MARY REICHARD, HOST: It’s Christmas Day 2018, Tuesday, December 25th.
That means you have zero shopping days left! But at least you still have The World and Everything in It to listen to. Good morning and Merry Christmas, I’m Mary Reichard.
NICK EICHER, HOST: And I’m Nick Eicher.
We get together each week for program planning, and one of us, not sure who, had the idea: Since we’re all here, let’s just share our Christmas memories together.
And, I don’t know, Mary, why don’t you go first, what’s your Christmas memory?
REICHARD: Well, you know, I’m no spring chicken here so I have lots of memories. But let’s see. I’ll just pick one. Well, one favorite I have from the Christmas holidays is my grandmother standing next to the dinner table that had those extra slats installed for guests. The ones where you smash your fingers when you put them in? [laugh] I remember the table sagging under the weight of fruit cobblers, red velvet cake, and Jell-O that has that fruit swimming in it. Well, my young gastric imagination just was captured by those sweets more than by the green beans.
I knew Grandma had toiled days in the kitchen. And when it was time for all of us to eat, she put on her nicest apron and wear her specialist lipstick and she just stood next to the table with this very satisfied smile on her face.
Now, my Grandma’s first name was “Bliss.” And she has long gone now, but the love that she showed to me still is in my heart. And later on, that same love became subsumed when I understood about the love of Jesus Christ. So bring on the love, everybody, and Merry, Merry Christmas!
EICHER: Let’s bring on J.C. Derrick, our managing editor. J.C., yours isn’t as much a memory as a reflection on what Christmas means to you.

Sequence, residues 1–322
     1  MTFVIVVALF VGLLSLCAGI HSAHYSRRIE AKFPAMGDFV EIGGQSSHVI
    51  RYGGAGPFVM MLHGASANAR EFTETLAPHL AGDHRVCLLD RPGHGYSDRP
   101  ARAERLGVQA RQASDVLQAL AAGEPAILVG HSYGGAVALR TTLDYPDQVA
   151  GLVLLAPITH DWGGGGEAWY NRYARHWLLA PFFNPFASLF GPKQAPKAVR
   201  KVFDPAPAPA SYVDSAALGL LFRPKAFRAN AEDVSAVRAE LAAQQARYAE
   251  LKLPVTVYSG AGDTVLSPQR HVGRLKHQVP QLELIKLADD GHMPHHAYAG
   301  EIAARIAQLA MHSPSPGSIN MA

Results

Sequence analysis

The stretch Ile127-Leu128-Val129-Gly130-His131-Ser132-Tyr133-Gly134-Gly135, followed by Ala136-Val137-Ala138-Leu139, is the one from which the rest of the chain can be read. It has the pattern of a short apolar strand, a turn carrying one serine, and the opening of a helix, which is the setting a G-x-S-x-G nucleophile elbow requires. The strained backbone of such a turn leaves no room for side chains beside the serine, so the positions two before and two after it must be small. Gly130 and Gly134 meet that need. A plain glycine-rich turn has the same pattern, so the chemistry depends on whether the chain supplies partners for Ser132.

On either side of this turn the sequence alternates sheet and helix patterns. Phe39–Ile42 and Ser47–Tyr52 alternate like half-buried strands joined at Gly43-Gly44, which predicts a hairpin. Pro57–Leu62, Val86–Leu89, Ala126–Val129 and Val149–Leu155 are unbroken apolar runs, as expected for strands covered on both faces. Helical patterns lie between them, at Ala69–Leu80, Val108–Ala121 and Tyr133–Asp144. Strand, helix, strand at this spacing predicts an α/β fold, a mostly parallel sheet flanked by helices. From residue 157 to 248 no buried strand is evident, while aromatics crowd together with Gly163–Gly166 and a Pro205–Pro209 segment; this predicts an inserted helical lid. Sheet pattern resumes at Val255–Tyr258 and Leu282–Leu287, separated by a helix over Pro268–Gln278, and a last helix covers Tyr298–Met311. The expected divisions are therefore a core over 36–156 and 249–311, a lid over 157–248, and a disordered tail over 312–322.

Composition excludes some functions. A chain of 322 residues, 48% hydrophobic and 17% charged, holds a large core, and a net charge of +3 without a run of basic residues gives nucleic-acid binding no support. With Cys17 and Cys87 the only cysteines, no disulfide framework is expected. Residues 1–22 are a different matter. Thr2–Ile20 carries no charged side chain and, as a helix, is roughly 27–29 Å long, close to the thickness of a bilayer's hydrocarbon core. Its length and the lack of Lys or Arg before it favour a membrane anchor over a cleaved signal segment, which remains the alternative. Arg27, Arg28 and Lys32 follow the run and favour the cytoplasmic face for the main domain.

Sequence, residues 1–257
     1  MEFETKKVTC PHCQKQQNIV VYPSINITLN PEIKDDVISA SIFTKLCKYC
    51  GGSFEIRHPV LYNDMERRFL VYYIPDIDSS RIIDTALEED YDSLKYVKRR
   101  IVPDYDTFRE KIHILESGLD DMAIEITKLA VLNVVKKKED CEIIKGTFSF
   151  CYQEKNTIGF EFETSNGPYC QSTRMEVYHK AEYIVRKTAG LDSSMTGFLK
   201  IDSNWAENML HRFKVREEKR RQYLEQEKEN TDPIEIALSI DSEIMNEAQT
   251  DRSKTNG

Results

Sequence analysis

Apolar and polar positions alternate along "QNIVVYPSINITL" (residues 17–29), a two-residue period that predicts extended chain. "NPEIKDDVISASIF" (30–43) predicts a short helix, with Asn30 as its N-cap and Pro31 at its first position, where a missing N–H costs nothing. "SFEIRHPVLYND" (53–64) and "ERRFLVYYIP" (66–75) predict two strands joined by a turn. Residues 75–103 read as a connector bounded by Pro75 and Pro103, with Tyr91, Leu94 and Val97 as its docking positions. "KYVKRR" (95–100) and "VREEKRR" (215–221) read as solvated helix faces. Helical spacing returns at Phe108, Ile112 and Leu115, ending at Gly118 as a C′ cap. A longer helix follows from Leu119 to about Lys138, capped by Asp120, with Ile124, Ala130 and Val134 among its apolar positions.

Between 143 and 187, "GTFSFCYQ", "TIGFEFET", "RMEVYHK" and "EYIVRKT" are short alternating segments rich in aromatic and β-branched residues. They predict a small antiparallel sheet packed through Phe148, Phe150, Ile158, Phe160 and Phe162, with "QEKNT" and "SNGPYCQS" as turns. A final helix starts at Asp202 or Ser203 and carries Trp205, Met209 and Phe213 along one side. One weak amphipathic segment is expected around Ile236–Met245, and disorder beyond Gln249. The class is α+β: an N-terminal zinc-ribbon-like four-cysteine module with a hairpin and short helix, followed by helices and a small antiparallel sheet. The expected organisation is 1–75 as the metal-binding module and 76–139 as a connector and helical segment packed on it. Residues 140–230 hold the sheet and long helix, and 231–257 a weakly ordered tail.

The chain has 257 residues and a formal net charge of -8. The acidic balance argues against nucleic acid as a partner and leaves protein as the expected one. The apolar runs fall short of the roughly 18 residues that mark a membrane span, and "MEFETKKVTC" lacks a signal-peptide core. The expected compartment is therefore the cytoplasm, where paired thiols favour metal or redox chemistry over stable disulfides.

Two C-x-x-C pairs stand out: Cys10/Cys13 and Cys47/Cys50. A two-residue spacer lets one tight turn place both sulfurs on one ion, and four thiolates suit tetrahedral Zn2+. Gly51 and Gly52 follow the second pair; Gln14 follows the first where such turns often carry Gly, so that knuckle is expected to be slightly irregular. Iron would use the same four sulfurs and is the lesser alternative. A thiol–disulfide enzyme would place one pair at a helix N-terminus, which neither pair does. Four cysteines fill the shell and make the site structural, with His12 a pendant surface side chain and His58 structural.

J.C. DERRICK, MANAGING EDITOR: Yeah, it is, but it is also tied up with my memories as well. When I think about Christmas, looking back, I can think about when I was a kid. I grew up in a Christian home and always knew what Christmas was about, of course. But it’s fair to say my excitement level was just a little bit higher for the presents side of things.
And now I’m a husband, a father, and I think more and more I’m captured by the mystery of the incarnation. It’s such a mystery, and without it, there is no Easter. God becoming man is this hinge point of history. And we get to sing about it in these great Christmas songs that mean more and more to me every year, like Hark the Herald Angels Sing that have such deep theological meaning. When I hear my little 2-year-old babbling lines like “God and sinners reconciled”…. Wow, that’s what I love the most about Christmas!
REICHARD: Such a precious life stage that is. OK, how about you, Carl? You’re rather new to western North Carolina and you got kind of a shock this year, didn’t ya?
CARL PEETZ, PRODUCER: Yeah! We’re still digging out after a few days of a big snow, and I have sudden memories of Christmas in “sunny” Southern California! When I was growing up we would visit my great aunt in Pacific Palisades and go down to the beach to see surfers on the waves and sunbathers on the warm sand. And as the old song goes, it never rains in Southern California… and snow was very rare at the beach. So I’m thankful for a white Christmas, but also appreciate the warm Christmases of old.